When are prenuptial agreements valid?

Get Legal Help Today

 Secured with SHA-256 Encryption

Jeffrey Johnson is a legal writer with a focus on personal injury. He has worked on personal injury and sovereign immunity litigation in addition to experience in family, estate, and criminal law. He earned a J.D. from the University of Baltimore and has worked in legal offices and non-profits in Maryland, Texas, and North Carolina. He has also earned an MFA in screenwriting from Chapman Univer...

Full Bio →

Written by

UPDATED: Jul 16, 2021

Advertiser Disclosure

It’s all about you. We want to help you make the right legal decisions.

We strive to help you make confident insurance and legal decisions. Finding trusted and reliable insurance quotes and legal advice should be easy. This doesn’t influence our content. Our opinions are our own.

Editorial Guidelines: We are a free online resource for anyone interested in learning more about legal topics and insurance. Our goal is to be an objective, third-party resource for everything legal and insurance related. We update our site regularly, and all content is reviewed by experts.

Prenuptial agreements will be valid if properly prepared according to the laws of your state. Two parties may contract on any terms that they wish, and the court will enforce it as long as the contract is not an illegal one and does not go against public policy. A prenuptial agreement is simply a contract made in consideration of marriage, and the courts are thus going to enforce it if it is fair and you follow the rules when making it.

Requirements for a Prenuptial Agreement

In every state, there are certain requirements for a prenuptial agreement to be valid. Some of these requirements are common to all jurisdictions and some are state specific, so you will want to check the laws where you live. However, some common requirements include:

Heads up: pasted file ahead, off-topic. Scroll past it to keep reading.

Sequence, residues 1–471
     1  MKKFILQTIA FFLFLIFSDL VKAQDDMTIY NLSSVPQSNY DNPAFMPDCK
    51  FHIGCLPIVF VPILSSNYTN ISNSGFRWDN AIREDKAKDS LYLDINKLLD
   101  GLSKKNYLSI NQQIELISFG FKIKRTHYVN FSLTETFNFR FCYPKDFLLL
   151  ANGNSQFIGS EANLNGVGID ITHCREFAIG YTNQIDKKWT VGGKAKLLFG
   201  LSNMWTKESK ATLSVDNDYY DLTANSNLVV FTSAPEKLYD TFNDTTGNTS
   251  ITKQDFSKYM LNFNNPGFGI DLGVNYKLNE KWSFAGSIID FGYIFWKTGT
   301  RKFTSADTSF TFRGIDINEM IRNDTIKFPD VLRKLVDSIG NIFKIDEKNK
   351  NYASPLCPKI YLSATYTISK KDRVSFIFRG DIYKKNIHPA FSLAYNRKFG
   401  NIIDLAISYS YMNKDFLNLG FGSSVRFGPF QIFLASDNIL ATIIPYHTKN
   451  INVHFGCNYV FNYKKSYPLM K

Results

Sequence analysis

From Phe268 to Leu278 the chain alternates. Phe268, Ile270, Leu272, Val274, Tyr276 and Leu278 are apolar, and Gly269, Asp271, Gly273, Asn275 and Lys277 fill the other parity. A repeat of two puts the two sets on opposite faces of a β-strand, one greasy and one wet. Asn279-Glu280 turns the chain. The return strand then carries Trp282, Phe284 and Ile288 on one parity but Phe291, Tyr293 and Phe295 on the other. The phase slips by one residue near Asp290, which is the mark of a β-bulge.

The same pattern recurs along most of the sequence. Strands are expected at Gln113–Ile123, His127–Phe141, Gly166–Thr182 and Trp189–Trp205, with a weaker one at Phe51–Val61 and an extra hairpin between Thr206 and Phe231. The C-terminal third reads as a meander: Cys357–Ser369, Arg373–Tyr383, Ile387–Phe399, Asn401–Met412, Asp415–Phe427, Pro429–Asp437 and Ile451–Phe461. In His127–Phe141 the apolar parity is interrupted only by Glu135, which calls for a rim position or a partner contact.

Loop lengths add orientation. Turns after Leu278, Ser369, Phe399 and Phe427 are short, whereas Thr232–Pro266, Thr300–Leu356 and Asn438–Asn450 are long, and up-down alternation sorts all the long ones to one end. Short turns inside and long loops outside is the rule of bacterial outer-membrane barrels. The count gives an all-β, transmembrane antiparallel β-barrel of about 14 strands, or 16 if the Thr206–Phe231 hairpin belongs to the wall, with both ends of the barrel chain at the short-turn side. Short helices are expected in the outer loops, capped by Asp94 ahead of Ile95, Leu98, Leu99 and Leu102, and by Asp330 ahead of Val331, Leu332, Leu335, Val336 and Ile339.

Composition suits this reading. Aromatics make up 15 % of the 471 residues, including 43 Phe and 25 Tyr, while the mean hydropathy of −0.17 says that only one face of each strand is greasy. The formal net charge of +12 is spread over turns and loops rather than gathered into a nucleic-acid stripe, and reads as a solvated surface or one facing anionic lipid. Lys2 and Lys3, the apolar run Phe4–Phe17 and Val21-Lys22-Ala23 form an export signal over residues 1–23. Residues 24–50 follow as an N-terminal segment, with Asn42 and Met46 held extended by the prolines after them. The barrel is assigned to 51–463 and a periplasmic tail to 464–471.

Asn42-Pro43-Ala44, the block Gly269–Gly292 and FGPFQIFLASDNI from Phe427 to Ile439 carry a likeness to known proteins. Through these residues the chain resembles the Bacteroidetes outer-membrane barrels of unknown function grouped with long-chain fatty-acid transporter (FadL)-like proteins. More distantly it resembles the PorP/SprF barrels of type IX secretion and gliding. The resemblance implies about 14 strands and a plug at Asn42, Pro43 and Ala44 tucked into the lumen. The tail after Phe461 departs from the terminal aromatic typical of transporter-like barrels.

• The contract must be in writing. If you make an oral agreement with your future spouse, courts aren’t going to enforce it.
  • The contract must not be signed under duress.
  • The parties must have time to consider the contract and, if they wish, to have an attorney look it over.
  • The parties must enter into the contract knowingly. Usually, this means that there must either be full disclosure of assets and liabilities before entering into the contract, or the parties may waive full disclosure.

There may also be a requirement that the prenuptial agreement be witnessed, or even filed with the proper legal authorities. You should always check with the laws of your state to create a valid agreement.

There may also be limitations on what you can include in the agreement. For example, most states will not enforce a prenup that waives a child’s right to support, since that is a right that belongs to the child, not the parents, and since in any case an agreement to waive child support would be against public policy.

Getting Help – Prenuptial Agreements

To make sure your prenuptial agreement will protect your assets and be enforceable by a court, it is in your best interests to speak with a lawyer and get professional help in drafting it.

Get Legal Help Today

Find the right lawyer for your legal issue.

 Secured with SHA-256 Encryption